As a journalist and a media consumer myself, one of my biggest complaints with television news has always been its liberal interpretation of what qualifies as "breaking news."
Other than an almost fatalist fascination with turning every sprinkle or snow flurry into a "weather event" in order to ballyhoo their "storm team," TV stations' definition of breaking news leaves the most to be desired.
"We have breaking news from the West Side," one of the Indianapolis news readers gushed the other morning.
That "breaking news" amounted to a garage fire, which earned its TV time solely because of flaming video shot from their chopper. Sort of a variation of the old "if it bleeds, it leads" TV news philosophy. Despite the crisp video, that garage fire was "breaking news" that might actually affect you only if you live in that same block.
But Saturday night, I must admit, Indianapolis TV news got it right.
I was about 15 minutes away from making a Saturday night decision whether to go to bed or stay up and hope maybe this would be the week "Saturday Night Live" might be worth watching for once.
Breaking news, however, intervened. And the next thing I knew, it was about 2 a.m. and I was still glued to the local news.
By now, you know the story. An Indy southeastside neighborhood explosion destroyed five homes, damaged 80 others, killing two people and injuring several more.
How it played out on Indianapolis TV Saturday night, beginning about 11:15 p.m., was nothing short of compelling television.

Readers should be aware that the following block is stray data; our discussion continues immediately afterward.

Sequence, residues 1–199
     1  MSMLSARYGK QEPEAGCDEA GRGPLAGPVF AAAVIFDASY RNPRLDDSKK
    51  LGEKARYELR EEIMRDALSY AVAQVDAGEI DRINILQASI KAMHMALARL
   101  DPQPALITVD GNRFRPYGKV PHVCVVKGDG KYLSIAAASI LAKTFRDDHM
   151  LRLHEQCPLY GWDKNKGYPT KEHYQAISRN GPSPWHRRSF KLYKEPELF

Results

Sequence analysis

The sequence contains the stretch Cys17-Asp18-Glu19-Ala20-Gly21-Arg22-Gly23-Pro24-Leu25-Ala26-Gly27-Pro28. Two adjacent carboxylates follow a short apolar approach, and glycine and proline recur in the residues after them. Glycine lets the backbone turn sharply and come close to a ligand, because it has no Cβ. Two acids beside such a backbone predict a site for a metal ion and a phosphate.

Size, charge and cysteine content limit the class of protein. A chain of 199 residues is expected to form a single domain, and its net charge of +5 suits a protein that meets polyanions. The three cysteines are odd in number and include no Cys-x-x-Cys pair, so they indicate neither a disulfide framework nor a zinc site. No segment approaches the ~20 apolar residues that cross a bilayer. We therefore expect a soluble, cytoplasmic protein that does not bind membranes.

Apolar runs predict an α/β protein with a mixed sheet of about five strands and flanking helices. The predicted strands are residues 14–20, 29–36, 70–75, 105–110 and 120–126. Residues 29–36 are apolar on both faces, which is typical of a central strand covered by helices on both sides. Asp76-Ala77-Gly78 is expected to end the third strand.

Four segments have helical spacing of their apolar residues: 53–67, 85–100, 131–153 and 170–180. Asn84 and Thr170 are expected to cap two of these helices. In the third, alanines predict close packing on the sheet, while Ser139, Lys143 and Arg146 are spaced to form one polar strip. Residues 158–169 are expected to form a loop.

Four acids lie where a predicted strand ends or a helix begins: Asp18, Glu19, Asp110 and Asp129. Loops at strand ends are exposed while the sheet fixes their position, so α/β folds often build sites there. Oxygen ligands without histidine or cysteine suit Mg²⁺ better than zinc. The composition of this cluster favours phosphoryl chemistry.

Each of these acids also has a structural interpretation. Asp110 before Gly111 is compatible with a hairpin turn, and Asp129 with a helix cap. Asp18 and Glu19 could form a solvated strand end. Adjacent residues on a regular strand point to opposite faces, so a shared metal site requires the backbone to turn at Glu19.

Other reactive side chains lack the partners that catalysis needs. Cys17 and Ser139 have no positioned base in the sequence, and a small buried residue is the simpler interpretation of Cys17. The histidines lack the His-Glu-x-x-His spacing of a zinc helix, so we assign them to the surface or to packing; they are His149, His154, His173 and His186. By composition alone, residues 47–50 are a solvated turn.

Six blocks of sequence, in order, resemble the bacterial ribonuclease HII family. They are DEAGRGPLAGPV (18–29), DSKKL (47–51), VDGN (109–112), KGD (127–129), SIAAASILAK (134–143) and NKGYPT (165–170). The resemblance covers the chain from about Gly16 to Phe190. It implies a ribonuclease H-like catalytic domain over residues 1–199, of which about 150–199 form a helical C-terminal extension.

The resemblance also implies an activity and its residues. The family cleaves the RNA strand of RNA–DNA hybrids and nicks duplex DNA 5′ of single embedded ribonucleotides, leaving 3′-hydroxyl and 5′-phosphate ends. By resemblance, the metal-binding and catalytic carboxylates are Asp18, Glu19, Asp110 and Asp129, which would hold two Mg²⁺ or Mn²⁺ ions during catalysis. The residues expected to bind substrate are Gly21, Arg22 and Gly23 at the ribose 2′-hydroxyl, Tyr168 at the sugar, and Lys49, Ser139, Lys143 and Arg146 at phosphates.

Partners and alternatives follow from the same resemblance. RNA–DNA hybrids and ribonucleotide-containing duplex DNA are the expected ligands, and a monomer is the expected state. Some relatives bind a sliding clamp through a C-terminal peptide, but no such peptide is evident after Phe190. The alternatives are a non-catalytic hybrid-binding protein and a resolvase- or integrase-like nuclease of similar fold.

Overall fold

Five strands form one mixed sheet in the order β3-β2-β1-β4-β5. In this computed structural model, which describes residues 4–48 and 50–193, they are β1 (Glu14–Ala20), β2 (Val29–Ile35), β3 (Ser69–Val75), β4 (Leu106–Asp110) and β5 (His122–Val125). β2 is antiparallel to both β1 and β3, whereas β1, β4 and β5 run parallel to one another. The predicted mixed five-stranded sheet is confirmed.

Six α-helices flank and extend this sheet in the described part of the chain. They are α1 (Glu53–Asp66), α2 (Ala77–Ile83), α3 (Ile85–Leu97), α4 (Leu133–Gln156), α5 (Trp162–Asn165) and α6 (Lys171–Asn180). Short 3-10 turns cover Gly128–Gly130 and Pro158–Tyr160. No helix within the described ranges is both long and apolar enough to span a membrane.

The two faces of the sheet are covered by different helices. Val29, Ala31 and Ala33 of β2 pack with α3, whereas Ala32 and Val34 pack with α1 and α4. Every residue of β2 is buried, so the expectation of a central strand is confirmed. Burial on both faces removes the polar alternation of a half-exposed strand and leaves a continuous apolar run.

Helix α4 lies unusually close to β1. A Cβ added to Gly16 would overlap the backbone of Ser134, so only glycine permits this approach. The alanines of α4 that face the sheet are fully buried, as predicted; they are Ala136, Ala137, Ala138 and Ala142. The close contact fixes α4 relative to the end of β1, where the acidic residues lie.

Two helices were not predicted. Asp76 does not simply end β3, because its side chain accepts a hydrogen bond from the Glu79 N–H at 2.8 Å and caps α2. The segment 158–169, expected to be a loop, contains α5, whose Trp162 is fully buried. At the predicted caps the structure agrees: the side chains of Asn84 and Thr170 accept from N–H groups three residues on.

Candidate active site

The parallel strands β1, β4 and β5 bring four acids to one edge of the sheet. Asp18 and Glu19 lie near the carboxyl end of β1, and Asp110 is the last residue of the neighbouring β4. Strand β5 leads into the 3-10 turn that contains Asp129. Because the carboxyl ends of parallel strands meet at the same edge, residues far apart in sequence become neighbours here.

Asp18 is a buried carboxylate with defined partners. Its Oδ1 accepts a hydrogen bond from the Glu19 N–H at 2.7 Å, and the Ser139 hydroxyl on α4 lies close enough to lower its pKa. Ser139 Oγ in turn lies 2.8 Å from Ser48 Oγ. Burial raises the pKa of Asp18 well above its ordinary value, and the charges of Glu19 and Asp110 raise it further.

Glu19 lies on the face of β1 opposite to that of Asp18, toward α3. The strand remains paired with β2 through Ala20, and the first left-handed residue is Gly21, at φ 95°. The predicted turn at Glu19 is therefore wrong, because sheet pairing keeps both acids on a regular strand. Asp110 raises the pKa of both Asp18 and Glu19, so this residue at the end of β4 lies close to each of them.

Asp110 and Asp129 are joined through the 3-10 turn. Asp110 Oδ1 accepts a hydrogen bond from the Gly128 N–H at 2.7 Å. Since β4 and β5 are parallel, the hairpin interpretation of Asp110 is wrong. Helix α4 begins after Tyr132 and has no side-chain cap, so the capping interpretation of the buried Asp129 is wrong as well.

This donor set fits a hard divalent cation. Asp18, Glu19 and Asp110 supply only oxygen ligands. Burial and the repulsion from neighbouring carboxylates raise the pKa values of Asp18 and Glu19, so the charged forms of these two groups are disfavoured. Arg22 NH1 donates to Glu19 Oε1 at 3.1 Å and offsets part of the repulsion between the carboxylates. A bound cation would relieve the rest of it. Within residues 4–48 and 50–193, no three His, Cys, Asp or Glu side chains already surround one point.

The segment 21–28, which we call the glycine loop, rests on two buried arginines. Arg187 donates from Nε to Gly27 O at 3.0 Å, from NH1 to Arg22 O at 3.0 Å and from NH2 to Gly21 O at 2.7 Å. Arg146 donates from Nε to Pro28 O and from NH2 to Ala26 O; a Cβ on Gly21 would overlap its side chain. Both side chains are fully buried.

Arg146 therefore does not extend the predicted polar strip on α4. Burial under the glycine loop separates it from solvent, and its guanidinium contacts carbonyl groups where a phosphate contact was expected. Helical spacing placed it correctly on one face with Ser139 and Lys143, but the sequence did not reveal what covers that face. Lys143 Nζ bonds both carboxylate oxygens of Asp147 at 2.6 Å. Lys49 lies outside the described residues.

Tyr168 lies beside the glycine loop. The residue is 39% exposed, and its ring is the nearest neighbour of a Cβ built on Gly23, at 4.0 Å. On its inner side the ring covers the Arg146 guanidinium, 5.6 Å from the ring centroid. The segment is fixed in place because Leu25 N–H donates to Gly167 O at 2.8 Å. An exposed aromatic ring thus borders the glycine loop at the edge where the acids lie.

Channel 13, WTHR, had a reporter and camera crew on another story and was quickly able to reroute them to the other side of town.
Channel 8, WISH, was fortunate enough to have a cameraman living in the area. When he heard and felt the blast, he instinctively grabbed his camera and went to work.
Meanwhile, the constant story updates reminded me of staying up half the night to watch Mike Ahern of Channel 8 and then-Indy Mayor BIll Hudnut help Hoosiers get through the Blizzard of 1978. That was local TV news at its finest back in the day.
Reporters at the scene Saturday night did nice work, finding homeowners and neighbors to share their interesting stories on camera. Fear, horror, heroism, uncertainty. Raw emotion showed.
Adding to the endless drama were cellphone video and digital camera shots provided to the TV stations by those in the area -- each one better than the previous one as viewers got an eyeful of tragedy and a true sense of what was playing out in that neighborhood Saturday night.
Sure, some of the on-air callers droned on, and others sounded like they just wanted to hear themselves talk on television or were trapped in a "Frasier" rerun. But for the most part it was quite compelling news coverage. Certainly far better than anything coming out of the recent election.
That assessment is steeped in the notion that I couldn't turn it off. Not even with knowing that no definitive cause would be announced in the pre-dawn hours nor would there be any immediate confirmation about fatalities or the identities of the victims.
It was clearly "breaking news" in the truest sense.
And one heck of a job by our TV news brethren.